In a scathing criticism of the process adopted by the Human Resource Development Ministry for the recent selection of directors of three Indian Institutes of Technology, nuclear scientist and chairman of the Board of Governors of IIT-Bombay Anil Kakodkar said he quit the board as he could not be party to “wrongdoing”.
Speaking to Shekhar Gupta on Walk the Talk on NDTV 24×7, Kakodkar alleged the ministry adopted “too casual a process for such an important activity”. He also, for the first time, publicly rebutted the ministry’s claim that he had re-joined the selection process.
A member of the selection committee and chairman of the Standing Committee of the IIT Council, Kakodkar had resigned on March 12 following a “disagreement” over the choice of an IIT director. The ministry, however, did not accept his resignation, with HRD Minister Smriti Irani requesting him to withdraw it.
Speaking at Express Adda last month, HRD Minister Smriti Irani had dismissed a report, first published in The Indian Express, about Kakodkar’s resignation.
The selection committee, chaired by Irani, was reaching a consensus on the choice of directors for IIT-Patna and IIT-Bhubaneswar, but there was no agreement on IIT-Ropar, and the process involving 12 candidates was later cancelled. All 37 candidates in the original shortlist were called for a fresh round of interviews on March 22, which was not attended by Kakodkar. Directors for all three IITs have now been appointed.
Asked if the earlier selection process had been set aside without discussion, Kakodkar said, “It looks like that.”
“The point is you can’t be deciding that choice of IIT director or three IIT directors among 36 in a six or seven hour process. If you set aside everything and then you decide like that, then you are running a lottery,” Kakodkar said.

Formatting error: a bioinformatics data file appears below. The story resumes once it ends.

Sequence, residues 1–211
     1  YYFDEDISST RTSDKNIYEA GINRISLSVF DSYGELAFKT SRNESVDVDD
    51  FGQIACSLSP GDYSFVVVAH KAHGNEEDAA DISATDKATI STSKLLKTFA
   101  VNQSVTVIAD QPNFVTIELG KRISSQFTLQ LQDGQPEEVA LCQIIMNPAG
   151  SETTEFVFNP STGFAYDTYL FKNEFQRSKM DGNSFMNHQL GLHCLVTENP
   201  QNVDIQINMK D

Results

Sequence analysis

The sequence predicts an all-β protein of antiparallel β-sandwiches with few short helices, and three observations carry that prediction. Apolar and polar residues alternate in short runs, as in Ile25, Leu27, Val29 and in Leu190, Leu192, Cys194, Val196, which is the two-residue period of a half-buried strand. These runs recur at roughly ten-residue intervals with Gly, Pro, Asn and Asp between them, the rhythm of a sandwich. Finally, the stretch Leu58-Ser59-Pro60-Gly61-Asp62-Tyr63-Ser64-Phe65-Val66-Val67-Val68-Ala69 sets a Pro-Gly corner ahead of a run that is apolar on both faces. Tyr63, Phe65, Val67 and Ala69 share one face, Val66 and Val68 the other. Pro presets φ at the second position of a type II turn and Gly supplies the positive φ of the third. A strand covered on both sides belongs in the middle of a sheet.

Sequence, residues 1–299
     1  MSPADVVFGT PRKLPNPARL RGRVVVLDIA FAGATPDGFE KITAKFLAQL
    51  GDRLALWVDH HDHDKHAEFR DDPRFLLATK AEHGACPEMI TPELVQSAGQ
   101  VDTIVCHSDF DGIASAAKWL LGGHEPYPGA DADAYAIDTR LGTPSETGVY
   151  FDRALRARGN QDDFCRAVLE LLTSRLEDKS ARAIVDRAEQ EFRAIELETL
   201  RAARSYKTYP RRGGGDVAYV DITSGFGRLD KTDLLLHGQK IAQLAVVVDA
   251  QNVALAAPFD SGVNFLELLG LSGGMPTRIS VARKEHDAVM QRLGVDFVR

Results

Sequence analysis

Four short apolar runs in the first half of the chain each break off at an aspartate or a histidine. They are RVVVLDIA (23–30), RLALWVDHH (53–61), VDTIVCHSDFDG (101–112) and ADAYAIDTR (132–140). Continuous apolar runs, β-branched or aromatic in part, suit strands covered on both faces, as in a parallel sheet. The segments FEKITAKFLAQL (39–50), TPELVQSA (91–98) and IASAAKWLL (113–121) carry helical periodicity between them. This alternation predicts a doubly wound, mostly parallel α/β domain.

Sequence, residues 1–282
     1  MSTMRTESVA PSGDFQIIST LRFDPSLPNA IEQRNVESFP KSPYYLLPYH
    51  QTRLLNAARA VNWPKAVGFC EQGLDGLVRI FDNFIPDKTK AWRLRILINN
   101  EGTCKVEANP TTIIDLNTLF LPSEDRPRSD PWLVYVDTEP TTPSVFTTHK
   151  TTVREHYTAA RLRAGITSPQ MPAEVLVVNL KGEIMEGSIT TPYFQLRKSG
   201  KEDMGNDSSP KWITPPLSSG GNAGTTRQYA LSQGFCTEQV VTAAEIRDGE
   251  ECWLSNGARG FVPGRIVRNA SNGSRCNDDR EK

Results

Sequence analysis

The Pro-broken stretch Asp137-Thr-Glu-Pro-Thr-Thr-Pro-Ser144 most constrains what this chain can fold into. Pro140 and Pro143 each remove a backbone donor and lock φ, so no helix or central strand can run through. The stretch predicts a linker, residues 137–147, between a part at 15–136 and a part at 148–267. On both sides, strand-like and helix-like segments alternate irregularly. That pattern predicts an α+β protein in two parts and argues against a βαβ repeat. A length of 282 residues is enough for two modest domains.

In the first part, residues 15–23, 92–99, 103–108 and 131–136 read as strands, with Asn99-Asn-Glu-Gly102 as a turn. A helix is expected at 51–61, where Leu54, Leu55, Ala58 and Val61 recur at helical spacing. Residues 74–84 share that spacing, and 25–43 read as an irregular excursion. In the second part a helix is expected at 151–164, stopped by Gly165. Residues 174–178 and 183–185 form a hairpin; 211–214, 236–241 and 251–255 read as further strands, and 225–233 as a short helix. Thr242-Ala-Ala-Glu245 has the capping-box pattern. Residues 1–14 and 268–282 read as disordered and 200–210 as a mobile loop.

Asked if he had tried to reason with Irani, Kakodkar said, “Actually when the process began, I argued this at length and actually we had this process of group discussion and shortlist, but then something happened and the whole thing was set aside.”
“So I had to remain aside. There are good bureaucrats, not so good bureaucrats, good political leaders. There are not so good political leaders. So the important thing is the system. After all, these are all public funded institutions and I think we should respect it. But there is also a huge importance to autonomy and so the external environment should become more a facilitator rather than a controller…,” he said.
Asked whether the pressure had come from civil servants or the minister, Kakodkar said, “Well, you know it, why you are asking me?”
However, he later said he thinks “it’s not as if there was pressure” but “the question was a particular process was set aside and then you look at all of them”.
“This is too casual a process for such an important activity and at least I can’t be a party to this,” he said.
Asked if he was back in the committee, Kakodkar said, “I haven’t joined that process back, but certainly I still continue to be a responsible person. If I am a chairman of IIT Board till May, by virtue of that if I have to do other things, I will do.”
He added that following his resignation in March, “the minister, as she was good enough, so she called back and said no, no, I don’t accept your resignation”.
He added, “So I am continuing till May and by virtue of that there are other IIT processes, I will carry on, but I cannot be a party (to) wrongdoing.”
Kakodkar also came out in support of IIT-Delhi director R Shevgaonkar, who resigned last December amid reports of pressure from the ministry. “I feel very sorry for him… He is a well-respected academic. I think students, faculty colleagues, his peers, they will all vouch for him and such a person who has to come to the conclusion to quit is…,” he said.
“Obviously his self-respect is severely hurt, undeservingly so, and I understand he wanted to go and I think he should be given an honourable way. So although it would be a loss to IIT-Delhi and I know IIT-Delhi, all colleagues there are strongly behind him, so that’s it. I think it’s very sad.”
Asked if Shevgaonkar was willing to change his mind, Kakodkar said, “The question is, I think, all of us have some minimum self-respect and in his case it was severely hurt.”